Student sees online learning as safe but challenging situation
Back in March, many New Mexico residents didn't think the novel coronavirus would get much worse.
When it did, schools shifted to an online-learning model to help slow the spread. Students wrapped up the 2019-20 school year online, wrestling finicky Wi-Fi to complete web-only assignments and waving goodbye to friends via platforms like Zoom before summer break.
There have now been more than 25,600 cases of coronavirus statewide — over 6.1 million cases and 185,600 deaths across the U.S. It’s clear the pandemic is still nowhere near over — an easy truth for students to face after spending months hoping they’d return to in-person learning this fall.
Alas, the 2020-21 school year is off to a start just like the last school year ended: staring at a screen.
Stella Bordner, a junior at the MASTERS Program who started classes a little more than two weeks ago, said her daily schedule consists of two Zoom classes, one in the morning and one in the afternoon. Over the course of a week, she has courses in English, math, government, health, science and public speaking. Some classes don’t require meetings; instead, she is emailed assignments to complete by a set deadline.
“My online school schedule is less demanding,” Bordner wrote in an email. “Having these gaps in the middle of the day allows me to work, which I couldn’t do while going to school in person.”
But the model remains less than ideal, she said. For one, it’s harder to access assistance from teachers or peers when needed, she said — and not just academic help. Sometimes, she said, she simply misses being able to pull aside an emotionally available friend in the hallway, someone who could give advice or words of encouragement.
Bordner said she’s mostly worried she won’t learn as well with online school, especially as she prepares for big tests such as the SAT and ACT, and that her GPA could suffer right as she begins her college application process. Learning online simply makes school “very difficult to stay engaged and understand information effectively,” she said.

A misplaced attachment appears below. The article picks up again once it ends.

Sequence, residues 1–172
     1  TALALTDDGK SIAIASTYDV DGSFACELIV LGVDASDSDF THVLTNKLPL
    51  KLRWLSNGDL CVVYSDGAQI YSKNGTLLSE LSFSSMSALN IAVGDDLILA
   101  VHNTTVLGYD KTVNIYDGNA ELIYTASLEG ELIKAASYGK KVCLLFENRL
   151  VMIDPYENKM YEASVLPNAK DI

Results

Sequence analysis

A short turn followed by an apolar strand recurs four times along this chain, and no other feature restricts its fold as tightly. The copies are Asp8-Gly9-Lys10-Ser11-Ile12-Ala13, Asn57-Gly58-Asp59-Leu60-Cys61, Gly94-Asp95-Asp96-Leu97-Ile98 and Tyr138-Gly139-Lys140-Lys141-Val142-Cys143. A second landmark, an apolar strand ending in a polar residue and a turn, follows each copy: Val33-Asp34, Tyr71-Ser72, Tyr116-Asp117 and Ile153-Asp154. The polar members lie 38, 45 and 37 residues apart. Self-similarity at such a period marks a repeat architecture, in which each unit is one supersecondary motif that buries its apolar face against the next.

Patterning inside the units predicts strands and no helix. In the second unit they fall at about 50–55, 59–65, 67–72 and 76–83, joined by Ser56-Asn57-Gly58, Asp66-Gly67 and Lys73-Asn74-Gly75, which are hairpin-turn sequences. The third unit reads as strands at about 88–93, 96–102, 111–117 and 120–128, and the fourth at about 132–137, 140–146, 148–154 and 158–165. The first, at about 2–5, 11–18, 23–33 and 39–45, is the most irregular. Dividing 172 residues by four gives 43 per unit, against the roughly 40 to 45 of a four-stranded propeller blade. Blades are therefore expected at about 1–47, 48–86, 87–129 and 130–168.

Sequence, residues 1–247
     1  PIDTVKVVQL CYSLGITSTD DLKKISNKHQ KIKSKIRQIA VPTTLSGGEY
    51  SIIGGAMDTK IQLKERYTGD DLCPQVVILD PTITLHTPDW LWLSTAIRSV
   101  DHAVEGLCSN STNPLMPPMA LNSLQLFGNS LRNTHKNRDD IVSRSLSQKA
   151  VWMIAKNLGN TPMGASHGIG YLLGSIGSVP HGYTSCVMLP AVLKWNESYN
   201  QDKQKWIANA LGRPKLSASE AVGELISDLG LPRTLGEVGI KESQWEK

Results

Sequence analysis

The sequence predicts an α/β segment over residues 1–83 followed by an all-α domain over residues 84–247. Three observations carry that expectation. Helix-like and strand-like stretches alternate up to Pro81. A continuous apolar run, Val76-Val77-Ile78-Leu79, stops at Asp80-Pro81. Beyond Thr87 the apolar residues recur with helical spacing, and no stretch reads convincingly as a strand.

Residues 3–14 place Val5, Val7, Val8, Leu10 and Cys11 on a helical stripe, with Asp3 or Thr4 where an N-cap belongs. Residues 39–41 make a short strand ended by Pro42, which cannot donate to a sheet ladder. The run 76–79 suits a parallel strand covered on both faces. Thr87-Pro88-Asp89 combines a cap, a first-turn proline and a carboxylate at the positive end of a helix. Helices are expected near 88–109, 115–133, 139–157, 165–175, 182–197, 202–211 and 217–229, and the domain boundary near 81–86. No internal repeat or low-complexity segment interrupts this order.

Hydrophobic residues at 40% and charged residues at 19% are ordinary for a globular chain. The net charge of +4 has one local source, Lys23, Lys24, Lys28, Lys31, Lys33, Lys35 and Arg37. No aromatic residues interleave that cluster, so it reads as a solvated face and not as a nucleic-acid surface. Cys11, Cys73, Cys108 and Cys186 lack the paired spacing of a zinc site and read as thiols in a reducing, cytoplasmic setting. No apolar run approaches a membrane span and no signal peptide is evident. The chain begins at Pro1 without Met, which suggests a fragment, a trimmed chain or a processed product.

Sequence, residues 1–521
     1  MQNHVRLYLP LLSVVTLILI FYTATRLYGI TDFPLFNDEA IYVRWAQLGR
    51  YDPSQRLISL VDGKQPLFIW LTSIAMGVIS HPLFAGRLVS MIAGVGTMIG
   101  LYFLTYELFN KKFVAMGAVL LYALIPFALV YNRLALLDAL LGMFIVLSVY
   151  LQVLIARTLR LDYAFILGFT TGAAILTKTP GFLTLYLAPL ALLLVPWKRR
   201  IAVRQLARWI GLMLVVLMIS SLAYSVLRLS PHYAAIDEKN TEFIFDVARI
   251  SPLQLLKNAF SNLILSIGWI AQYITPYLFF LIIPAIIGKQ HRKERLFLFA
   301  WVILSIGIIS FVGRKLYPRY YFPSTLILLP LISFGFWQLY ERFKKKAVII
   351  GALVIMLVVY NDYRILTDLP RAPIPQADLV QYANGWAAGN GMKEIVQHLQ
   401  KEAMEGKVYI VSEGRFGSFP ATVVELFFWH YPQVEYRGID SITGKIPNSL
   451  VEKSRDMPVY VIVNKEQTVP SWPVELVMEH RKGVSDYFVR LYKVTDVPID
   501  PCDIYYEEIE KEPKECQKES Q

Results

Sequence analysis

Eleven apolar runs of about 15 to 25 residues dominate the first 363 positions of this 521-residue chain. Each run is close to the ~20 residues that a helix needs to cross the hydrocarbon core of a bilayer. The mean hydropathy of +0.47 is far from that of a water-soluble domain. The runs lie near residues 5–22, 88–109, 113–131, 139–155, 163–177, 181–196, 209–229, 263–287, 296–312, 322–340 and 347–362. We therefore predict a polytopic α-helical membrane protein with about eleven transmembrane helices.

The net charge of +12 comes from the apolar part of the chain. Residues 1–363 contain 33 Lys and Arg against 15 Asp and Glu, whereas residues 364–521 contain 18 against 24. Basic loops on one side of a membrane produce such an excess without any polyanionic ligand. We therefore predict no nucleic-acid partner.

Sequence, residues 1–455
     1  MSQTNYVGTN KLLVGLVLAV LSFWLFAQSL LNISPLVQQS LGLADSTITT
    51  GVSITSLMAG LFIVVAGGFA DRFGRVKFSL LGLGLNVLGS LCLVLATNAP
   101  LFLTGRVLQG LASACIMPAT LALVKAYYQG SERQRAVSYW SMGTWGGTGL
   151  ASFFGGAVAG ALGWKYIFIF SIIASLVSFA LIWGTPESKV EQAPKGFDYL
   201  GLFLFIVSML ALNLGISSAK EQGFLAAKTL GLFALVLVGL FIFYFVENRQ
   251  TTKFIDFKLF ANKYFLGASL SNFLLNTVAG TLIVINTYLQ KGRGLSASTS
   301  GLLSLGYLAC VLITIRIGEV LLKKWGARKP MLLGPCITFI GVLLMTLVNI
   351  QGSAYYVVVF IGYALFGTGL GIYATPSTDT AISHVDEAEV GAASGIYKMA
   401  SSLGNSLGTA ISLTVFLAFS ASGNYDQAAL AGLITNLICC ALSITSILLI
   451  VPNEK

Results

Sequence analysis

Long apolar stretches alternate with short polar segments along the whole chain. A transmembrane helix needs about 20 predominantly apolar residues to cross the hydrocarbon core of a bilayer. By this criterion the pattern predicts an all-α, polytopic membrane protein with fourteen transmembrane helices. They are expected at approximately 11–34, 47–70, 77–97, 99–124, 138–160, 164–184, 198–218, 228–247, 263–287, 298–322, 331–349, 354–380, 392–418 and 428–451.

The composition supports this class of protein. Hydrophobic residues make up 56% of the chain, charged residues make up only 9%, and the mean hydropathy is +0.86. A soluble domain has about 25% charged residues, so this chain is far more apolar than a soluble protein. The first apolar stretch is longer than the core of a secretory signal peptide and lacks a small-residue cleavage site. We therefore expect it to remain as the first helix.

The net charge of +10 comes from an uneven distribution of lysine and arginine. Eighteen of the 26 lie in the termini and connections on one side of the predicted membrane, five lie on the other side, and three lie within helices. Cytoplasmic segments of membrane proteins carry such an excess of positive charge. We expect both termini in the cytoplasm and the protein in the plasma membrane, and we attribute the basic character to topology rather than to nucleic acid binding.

Bordner is one of thousands of teens in New Mexico who feel this way. Still, despite the frustrating aspects of virtual learning, many young students recognize it’s perhaps the best model for the community during the pandemic.
“I know for a lot of kids, myself included, online school is far from ideal, socially and academically. But in my mind there is no safe way to go back to school without a dramatic increase in [positive coronavirus] cases,” Bordner said. “So I think it is the smart decision to stay home for the time being.”
One silver lining of the pandemic, Bordner said, is that it has given her the chance to spend more time with family and loved ones.
“My brother was home from college longer, which was a blast,” Bordner wrote in an email. “I also got a dog in quarantine” — a poodle-terrier mix named Bernie Sanders.
Bordner said she’s grateful schools are following distance-learning guidelines because health is an obstacle she faces in her own daily life: Her immune system is compromised due to an autoimmune disease she’s had since she was 11, and the required medication also puts her at higher risk of contracting the virus.
Additionally, her household includes her 78-year-old grandparents and her stepfather, a cancer survivor who suffers from asthma.
“We don’t want to take any unnecessary risks of exposure, and online school gives me that safety,” Bordner said.
Bordner said she is continuing to live a happy and healthy life while being isolated. She still has the opportunity to see a small number of close friends and is blessed with two jobs as a lifeguard and a medical assistant.